Looking for investing ideas? Here’s your weekly digest of the Globe’s latest insights and analysis from the pros, stock tips, portfolio strategies plus what investors need to know for the week ahead.
Gordon Pape: Quality companies are going to survive this market turmoil. Here are the sectors and stocks to target
My responsibility is to provide guidance on the financial impact of the world coronavirus crisis, Gordon Pape writes. Clearly, it’s not an easy task, given the uncertainty of the situation. No one can predict how long the crisis will last or how deep the economic damage will be.
However this plays out, the crisis will eventually end. What investors need to do now is avoid what one reader calls “The baby with the bathwater syndrome.” In other words, don’t sell stocks of sound companies that are going to survive, no matter what happens. Hold on to them, collect dividends and, if you have some cash put aside, buy them while they’re cheap. Here’s where to look. Yes, that includes banks, telecoms and utilities, but also food distributors and information technology firms.
Amid dividend cuts, income investors can still find safety
First, the coronavirus slashed share prices, John Heinzl writes. Now, it’s triggering dividend cuts, prompting investors to look for sectors that offer reliable income streams in times of trouble.
In the United States, companies that have suspended dividends include Boeing, Delta Air Lines and Ford. Others, including Occidental Petroleum, have chopped their payouts.
In Canada, with governments ordering eateries to close their dining rooms, at least two restaurant royalty trusts – Boston Pizza Royalties Income Fund and SIR Royalty Income Fund – suspended distributions this week. Powersports vehicle maker BRP also suspended its dividend, while bus maker NFI Group Inc. cut its payout in half.
So what sectors offer income investors relative safety? Analysts say banks are unlikely to reduce dividends, given their financial strength. Other sectors that will likely be spared from dividend cuts include telecom companies, utilities, pipelines and power producers, they say.
Crashing stock markets remind us that this is the No. 1 rule of retirement planning
A year ago, the idea of retirees keeping two or three years’ worth of expenses in cash seemed like the biggest waste of time ever, Rob Carrick writes. But after the stock market plunge that began in late February, it’s now clear that maintaining a cash cushion should be Rule No. 1 in building a retirement portfolio.
The benefit of holding a few years’ worth of cash is that you have resources to draw on if the stock markets crash. There’s no need to cash in your beat-up stocks or equity funds, and neither do you have to deplete better performing bonds and bond funds. The cash can be held in high interest savings account mutual funds or exchange-traded funds within an investment account, or in a high interest bank account held outside the portfolio. Another option is a three-year ladder of guaranteed investment certificates.
Heinzl’s mailbag: Market predictions, bank stocks in RRSPs, and clearing up the confusion over Telus’s dividend
A reader asks John Heinzl: Have we seen the worst of the pandemic selling and do you think now is a good time to acquire stocks?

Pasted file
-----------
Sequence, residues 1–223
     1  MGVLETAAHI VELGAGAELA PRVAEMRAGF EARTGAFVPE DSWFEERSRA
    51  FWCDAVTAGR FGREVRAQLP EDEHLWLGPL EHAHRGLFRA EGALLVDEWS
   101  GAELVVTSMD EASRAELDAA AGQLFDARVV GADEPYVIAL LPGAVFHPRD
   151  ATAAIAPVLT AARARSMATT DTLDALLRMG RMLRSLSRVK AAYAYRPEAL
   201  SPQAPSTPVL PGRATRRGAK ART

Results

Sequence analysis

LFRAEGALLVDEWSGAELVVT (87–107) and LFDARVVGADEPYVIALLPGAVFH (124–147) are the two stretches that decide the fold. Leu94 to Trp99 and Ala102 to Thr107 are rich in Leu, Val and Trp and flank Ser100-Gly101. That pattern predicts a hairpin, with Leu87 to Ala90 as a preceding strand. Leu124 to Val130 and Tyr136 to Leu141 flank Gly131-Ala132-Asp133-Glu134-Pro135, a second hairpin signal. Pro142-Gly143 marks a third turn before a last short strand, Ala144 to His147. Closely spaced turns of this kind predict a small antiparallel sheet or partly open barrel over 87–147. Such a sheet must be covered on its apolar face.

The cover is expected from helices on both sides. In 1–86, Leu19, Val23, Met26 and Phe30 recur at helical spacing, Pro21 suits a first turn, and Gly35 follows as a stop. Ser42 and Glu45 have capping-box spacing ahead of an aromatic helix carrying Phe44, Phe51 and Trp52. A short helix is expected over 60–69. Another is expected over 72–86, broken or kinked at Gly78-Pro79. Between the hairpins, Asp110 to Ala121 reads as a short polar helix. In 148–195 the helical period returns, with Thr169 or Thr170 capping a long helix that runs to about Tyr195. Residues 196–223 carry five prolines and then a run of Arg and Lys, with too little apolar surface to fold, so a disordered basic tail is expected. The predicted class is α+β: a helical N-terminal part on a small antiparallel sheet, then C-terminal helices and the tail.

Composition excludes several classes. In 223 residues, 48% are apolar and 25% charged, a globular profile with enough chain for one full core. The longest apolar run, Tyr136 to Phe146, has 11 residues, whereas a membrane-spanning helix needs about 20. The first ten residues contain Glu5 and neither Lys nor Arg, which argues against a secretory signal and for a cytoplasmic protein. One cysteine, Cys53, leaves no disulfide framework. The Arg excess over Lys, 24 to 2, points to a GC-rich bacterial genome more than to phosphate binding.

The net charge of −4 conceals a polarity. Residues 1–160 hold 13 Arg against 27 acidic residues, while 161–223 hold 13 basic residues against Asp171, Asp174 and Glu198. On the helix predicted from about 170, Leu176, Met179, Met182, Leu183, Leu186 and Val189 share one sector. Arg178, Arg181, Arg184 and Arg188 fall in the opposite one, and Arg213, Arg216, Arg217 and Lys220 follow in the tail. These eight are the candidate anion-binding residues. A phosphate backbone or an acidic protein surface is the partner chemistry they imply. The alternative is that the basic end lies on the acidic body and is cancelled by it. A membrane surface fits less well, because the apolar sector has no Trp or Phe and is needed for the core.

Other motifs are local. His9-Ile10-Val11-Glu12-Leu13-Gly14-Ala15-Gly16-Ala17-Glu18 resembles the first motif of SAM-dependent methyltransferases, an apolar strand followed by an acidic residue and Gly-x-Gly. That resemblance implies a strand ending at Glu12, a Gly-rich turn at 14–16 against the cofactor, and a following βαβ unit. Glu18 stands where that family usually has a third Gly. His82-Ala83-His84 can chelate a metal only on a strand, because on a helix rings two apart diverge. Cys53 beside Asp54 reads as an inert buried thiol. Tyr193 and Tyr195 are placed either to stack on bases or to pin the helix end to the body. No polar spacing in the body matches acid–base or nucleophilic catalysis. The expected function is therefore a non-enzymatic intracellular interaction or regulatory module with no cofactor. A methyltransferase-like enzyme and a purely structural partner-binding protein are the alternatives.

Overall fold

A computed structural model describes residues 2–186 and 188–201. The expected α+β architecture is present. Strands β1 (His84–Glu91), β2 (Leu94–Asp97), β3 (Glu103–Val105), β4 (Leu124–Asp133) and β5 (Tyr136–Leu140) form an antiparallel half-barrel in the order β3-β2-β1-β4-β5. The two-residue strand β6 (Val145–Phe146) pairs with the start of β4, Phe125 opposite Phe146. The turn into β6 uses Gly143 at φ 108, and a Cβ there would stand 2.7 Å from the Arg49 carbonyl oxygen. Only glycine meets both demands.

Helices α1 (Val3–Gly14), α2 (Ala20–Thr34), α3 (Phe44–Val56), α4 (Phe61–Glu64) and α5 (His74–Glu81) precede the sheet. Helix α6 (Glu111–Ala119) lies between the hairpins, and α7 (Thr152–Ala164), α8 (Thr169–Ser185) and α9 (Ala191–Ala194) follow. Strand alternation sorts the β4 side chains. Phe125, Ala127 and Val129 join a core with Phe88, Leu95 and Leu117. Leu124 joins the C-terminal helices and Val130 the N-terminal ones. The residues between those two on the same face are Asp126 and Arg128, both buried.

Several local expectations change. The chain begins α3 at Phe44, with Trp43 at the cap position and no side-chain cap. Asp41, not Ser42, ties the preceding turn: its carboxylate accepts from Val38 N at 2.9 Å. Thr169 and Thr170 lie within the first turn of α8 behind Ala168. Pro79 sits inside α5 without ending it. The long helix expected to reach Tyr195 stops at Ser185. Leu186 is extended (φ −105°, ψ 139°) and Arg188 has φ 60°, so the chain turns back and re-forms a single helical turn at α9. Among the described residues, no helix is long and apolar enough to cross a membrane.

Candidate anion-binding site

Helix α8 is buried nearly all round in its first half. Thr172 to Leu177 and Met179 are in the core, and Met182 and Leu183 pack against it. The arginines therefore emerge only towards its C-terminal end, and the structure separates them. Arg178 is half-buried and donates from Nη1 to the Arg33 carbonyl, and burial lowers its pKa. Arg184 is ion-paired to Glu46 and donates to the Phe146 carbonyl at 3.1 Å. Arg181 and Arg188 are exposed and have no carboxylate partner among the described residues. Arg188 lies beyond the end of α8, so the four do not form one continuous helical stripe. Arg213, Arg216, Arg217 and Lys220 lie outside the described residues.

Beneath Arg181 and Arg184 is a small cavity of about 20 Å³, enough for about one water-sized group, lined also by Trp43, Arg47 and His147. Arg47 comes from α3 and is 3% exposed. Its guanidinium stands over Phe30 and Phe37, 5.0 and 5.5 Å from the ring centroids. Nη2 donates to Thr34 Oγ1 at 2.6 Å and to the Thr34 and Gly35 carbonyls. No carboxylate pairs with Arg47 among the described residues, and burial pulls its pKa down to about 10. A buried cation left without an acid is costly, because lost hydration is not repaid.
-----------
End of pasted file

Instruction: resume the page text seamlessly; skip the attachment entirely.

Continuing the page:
He replies: Normally, I don’t try to predict what stock markets will do in the short run. However, with the coronavirus showing no signs of slowing down in North America, I believe it would be wise to prepare for the possibility that business shutdowns and social-distancing measures could remain in place for several months. This could lead to continued volatility on the stock market until there is some clarity on when the pandemic will recede.
As always, the best approach is to stay diversified by holding a mix of high-quality stocks, fixed-income investments and cash. If your time horizon is years, not months, selectively buying stocks now may prove to be a good move. But it’s also possible that there may be even better buying opportunities ahead. So proceed with caution. You can read his answers to other reader questions here.
More from John Heinzl: Netflix, Peloton and more investing stars and dogs for the week
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Humble GICs go from schlub to stud in just four weeks as stocks tumble
Guaranteed investment certificates are the investing world’s version of the Keep Calm and Carry On sign, Rob Carrick writes. GICs have been their inert self during the coronavirus crisis, which is to say they have done nothing but pay interest. GICs at best today yield in the 2-per-cent range for terms of one through five years. Four weeks ago, while stock markets were peaking, those returns looked pathetic. Today, not so much.
GICs have a flaw that has to be addressed in the context of the economic uncertainty ahead and the potential for people to need cash suddenly. While stocks and bonds can be sold on any business day, GICs are locked in. The exception is cashable GICs, where you accept a lower interest rate to get liquidity.
More from Rob Carrick: Big banks are trying for a kumbaya moment with their virus response: Can you trust it?
What investors need to know for the week ahead
Companies releasing their latest financial results in the week ahead include Dollarama, Roots, Park Lawn, BlackBerry, Corus Entertainment, Walgreens Boots Alliance and Constellation Brands.
Economic data on tap include: Canada’s real GDP for January as well as industrial product and raw materials price indexes for February (Tuesday); Canadian and U.S. auto sales for March and U.S. construction spending for February (Wednesday); Canada’s merchandise trade balance for February, plus U.S. factory orders and goods and services trade balance for February (Thursday); U.S. employment numbers for March (Friday).